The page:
Despite billions of dollars being invested in COVID-19 vaccines and government agencies aggressively encouraging everyone who qualifies to get vaccinated, all COVID-19 vaccines administered in the United States have only been approved under an Emergency Use Authorization (EUA). On August 23, the U.S. Food and Drug Administration (FDA) authorized Pfizer’s vaccination for anyone aged 16 and up.
Pfizer COVID-19 Vaccine Approved
Previously known as Pfizer-BioNTech COVID-19 Vaccine, the vaccine will now be sold as Comirnaty. The authorized formulation is the same as that used under the EUA, and it will be administered in the same manner: two doses separated by three weeks. This vaccination has already been approved by the EUA for children aged 12 to 15.
COVID-19 vaccines have a variety of methods. Comirnaty contains mRNA, or messenger RNA, which is the genetic material. The mRNA is only present in the body for a short period, but it instructs cells on how to produce a protein identical to the spike protein seen on the top of the coronavirus that causes COVID-19.
The protein is recognized as foreign by the immune system, and antibodies are produced to eliminate it. If a coronavirus infection happens, the body will recognize the spike proteins on the virus in the same way, and it will know what antibodies to generate to kill it. Vaccines based on mRNA cannot cause COVID-19 because they do not contain the virus and are not produced from it.
FDA Approval vs. EUA Approval
Because rigorous testing is conducted before any drug is approved by the FDA, a EUA is only permitted during public health emergencies. The goal is to “provide access to medicinal items that may be useful in avoiding, diagnosing, or treating disease.” Before granting a EUA, the FDA must evaluate that the benefits (including future benefits) outweigh the known and potential hazards of the product’s usage.
To be licensed by the FDA, a vaccination must go through the agency’s regular process, which includes an evaluation of the product’s effectiveness, quality, and safety. In the case of vaccines, the manufacturer must send a biologics license application (BLA), which includes additional preclinical and clinical data, as well as details on the manufacturing process and testing findings, to document the product’s quality. The FDA also conducted its tests to ensure the vaccine’s safety and efficacy.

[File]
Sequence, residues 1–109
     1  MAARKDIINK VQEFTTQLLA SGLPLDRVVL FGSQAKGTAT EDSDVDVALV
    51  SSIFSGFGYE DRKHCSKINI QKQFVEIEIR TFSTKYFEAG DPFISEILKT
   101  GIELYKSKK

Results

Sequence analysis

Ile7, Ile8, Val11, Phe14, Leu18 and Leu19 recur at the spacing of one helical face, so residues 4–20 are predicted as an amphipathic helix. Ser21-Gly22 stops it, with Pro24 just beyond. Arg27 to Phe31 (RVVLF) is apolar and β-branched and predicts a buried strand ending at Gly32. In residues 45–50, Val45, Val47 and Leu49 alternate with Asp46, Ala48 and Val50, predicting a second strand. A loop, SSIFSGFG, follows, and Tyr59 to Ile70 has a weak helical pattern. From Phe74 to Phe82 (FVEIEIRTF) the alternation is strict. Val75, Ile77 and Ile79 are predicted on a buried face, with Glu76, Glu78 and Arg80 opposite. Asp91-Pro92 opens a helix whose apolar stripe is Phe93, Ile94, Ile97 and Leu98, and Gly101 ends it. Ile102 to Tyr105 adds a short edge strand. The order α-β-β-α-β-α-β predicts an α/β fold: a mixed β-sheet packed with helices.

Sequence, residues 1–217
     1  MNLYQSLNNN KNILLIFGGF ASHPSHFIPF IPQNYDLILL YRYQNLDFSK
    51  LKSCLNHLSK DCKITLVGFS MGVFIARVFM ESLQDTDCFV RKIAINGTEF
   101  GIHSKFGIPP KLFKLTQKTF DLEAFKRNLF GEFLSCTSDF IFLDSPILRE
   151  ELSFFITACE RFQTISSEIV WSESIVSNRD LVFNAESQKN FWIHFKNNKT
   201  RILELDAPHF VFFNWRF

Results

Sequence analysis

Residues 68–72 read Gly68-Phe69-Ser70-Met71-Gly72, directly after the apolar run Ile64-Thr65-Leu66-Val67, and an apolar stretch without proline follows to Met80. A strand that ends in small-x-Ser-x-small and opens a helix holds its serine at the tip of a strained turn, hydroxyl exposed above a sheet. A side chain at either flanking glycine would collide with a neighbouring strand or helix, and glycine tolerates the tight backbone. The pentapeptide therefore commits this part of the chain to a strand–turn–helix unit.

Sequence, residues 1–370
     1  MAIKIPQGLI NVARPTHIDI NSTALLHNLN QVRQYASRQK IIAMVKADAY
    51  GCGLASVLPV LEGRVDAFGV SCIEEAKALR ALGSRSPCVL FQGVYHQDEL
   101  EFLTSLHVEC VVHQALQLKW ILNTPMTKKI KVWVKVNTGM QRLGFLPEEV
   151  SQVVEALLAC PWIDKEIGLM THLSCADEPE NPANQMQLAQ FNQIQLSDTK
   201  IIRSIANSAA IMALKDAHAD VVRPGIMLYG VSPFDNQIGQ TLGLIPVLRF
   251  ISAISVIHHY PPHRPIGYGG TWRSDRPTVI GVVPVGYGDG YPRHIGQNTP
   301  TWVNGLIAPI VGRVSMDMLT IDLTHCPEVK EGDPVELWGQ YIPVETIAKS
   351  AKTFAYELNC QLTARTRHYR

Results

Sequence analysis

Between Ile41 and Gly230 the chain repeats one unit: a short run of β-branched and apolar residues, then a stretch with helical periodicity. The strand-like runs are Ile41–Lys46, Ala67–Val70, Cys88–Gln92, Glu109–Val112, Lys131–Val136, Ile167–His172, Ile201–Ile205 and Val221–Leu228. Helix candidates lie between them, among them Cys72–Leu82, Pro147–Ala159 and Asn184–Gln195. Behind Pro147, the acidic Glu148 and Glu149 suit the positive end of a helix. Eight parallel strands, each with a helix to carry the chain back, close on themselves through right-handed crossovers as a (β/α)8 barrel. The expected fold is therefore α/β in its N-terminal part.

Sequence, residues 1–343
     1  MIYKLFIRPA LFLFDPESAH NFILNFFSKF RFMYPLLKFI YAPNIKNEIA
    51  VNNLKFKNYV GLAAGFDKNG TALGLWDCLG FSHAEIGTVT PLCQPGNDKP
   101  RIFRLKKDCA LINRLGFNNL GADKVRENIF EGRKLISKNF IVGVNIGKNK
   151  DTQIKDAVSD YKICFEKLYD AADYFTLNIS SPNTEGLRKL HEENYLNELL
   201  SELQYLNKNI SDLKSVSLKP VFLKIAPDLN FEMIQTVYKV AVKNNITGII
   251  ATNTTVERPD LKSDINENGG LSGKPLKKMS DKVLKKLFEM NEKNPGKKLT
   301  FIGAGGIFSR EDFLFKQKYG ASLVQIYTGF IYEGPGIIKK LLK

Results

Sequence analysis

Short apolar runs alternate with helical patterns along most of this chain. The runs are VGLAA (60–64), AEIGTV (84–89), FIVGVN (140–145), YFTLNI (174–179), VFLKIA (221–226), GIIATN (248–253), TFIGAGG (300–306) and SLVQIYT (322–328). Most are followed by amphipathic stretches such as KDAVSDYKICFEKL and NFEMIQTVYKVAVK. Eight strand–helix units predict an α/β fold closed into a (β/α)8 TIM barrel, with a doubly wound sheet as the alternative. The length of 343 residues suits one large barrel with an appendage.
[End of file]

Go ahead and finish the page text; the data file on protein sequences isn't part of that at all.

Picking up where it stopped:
Acting FDA Commissioner Janet Woodcock, M.D. stated in a press release announcing the approval, “…the public may be very sure that this vaccine satisfies the high requirements for safety, effectiveness, and manufacturing quality that the FDA requires of an approved product.”
Only Use The Third Dose For Immunocompromised
With the current increase in COVID-19 cases, mostly due to the Delta variation, there has been some enthusiasm about the possibility of a third dose of the vaccines. The FDA did allow the third dose under the EUA for certain persons, but these are highly limited. The third dose is only for highly immunocompromised people: solid organ transplant recipients and others with an equal level of immunocompromise. This application was also listed in the vaccine’s FDA approval.
Children Require Approval
While children and teenagers aged 12 to 17 can continue to receive the vaccine under the EUA, no vaccine is allowed for youngsters under the age of 12. Pfizer and Moderna (the other developer of an mRNA vaccine) are researching to assess the vaccine’s safety and optimal dosage for children aged 5 to 11.
The CEO of Pfizer has stated that he anticipates trials on children aged 5 to 11 to be finished in September. The FDA has vowed to act quickly once the data is received, as there is critical concern about children contracting COVID-19 now that they have returned to school, and the number of cases among children has increased.
Pfizer is also undertaking toddler trials and expects to have results by early winter.
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Manufacturers are not permitted to commercialize products that have only been approved through a EUA. Pfizer and BioNTech can now offer the vaccine to customers after receiving FDA approval.
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